Privacy’s new clothes

Europe is gearing itself up to update the way it deals with privacy in today’s modern society.  After almost a year of public consultations, hearings, conferences, the European Commission has finally published its first substantive document outlining how it wishes to play out the review of Europe’s Data Protection legal framework.

This is only the first step in what is likely to be a long and arduous process.  But let’s leave the nitty gritty of the document to the army of lawyers, managers, government officials and activists that are undoubtedly leaving no syllable unturned in assessing the legal, business and fundamental rights ramifications of what the Commission is proposing.

I for my part would just like to take a step back and have a look at what exactly we are trying to achieve.  In today’s modern and digital society, data has become a valuable traded commodity.  An entire industry has been built around the ability to store, ship, sell and manage all forms of individual data and its broader implications on privacy have not yet been fully comprehended. This however is where the problem begins –  our modern societies thirst for information and our quest for efficiency, convenience and security has come into direct conflict with our own proclaimed fundamental rights.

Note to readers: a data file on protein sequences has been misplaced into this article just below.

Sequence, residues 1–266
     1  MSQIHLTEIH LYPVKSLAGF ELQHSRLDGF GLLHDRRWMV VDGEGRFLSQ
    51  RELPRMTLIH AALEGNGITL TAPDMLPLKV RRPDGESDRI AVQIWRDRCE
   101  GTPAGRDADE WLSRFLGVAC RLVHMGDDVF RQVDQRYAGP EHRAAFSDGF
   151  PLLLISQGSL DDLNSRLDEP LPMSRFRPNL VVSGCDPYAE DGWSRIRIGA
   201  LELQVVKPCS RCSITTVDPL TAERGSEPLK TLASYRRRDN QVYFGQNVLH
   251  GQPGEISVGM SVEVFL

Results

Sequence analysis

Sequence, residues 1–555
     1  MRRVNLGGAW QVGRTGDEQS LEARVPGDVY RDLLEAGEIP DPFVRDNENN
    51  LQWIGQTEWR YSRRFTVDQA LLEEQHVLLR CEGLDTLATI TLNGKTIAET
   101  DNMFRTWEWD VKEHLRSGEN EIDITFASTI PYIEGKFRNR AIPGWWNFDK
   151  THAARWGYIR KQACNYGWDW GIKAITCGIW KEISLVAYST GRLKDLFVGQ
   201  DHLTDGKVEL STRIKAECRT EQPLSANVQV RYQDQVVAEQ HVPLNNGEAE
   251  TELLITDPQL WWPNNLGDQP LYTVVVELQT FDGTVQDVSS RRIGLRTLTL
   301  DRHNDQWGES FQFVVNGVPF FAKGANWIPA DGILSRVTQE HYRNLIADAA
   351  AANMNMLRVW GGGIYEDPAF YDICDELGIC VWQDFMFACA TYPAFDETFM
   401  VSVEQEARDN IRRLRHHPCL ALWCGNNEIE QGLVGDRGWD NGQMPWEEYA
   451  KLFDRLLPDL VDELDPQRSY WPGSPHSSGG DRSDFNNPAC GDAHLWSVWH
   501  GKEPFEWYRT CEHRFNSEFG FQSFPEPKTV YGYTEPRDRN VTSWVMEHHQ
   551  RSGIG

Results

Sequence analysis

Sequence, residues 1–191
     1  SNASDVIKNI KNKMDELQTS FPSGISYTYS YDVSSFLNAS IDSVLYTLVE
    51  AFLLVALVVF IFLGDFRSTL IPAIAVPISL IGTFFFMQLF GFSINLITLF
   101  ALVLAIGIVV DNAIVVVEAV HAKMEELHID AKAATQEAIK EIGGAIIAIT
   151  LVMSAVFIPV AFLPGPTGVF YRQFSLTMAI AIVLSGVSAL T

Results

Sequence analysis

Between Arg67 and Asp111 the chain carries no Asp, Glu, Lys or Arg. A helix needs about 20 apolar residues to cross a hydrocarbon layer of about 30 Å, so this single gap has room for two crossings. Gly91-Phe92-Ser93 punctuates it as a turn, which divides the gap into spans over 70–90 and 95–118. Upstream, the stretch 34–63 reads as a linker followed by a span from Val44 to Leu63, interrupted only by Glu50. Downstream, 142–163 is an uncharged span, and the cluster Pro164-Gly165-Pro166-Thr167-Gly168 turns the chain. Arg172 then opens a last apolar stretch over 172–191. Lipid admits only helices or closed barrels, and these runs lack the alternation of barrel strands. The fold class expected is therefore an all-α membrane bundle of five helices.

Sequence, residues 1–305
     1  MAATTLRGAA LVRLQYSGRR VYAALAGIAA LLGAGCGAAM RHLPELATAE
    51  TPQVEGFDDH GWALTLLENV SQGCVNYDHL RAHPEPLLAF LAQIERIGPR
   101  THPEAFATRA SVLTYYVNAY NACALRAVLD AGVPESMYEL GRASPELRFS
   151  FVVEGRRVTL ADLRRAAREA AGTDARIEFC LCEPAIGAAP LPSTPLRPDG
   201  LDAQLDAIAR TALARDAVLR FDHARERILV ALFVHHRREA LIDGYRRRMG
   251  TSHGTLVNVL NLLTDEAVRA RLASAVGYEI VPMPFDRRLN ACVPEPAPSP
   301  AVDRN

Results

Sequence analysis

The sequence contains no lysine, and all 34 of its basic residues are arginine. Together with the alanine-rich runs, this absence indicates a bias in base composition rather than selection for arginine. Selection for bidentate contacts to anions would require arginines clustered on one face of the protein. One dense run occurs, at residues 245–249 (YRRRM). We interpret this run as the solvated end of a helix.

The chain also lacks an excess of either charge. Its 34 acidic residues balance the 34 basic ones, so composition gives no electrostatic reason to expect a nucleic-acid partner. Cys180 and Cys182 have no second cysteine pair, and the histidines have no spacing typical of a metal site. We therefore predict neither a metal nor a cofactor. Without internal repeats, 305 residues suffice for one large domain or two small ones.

But where does that leave Europe’s citizens and is a trade off needed?  Consumers and citizen’s are becoming increasingly transparent not only through their own behavior in the internet but new technologies allow for a more targeted tracking, profiling and storing of data. In return consumers receive convenient and tailored user experience, services and applications.

The question remains, can Europe tailor a regime that will ensure citizen’s privacy in the digital age without dampening innovative technologies and services?

Or will a child cry out that the Emperor is naked?



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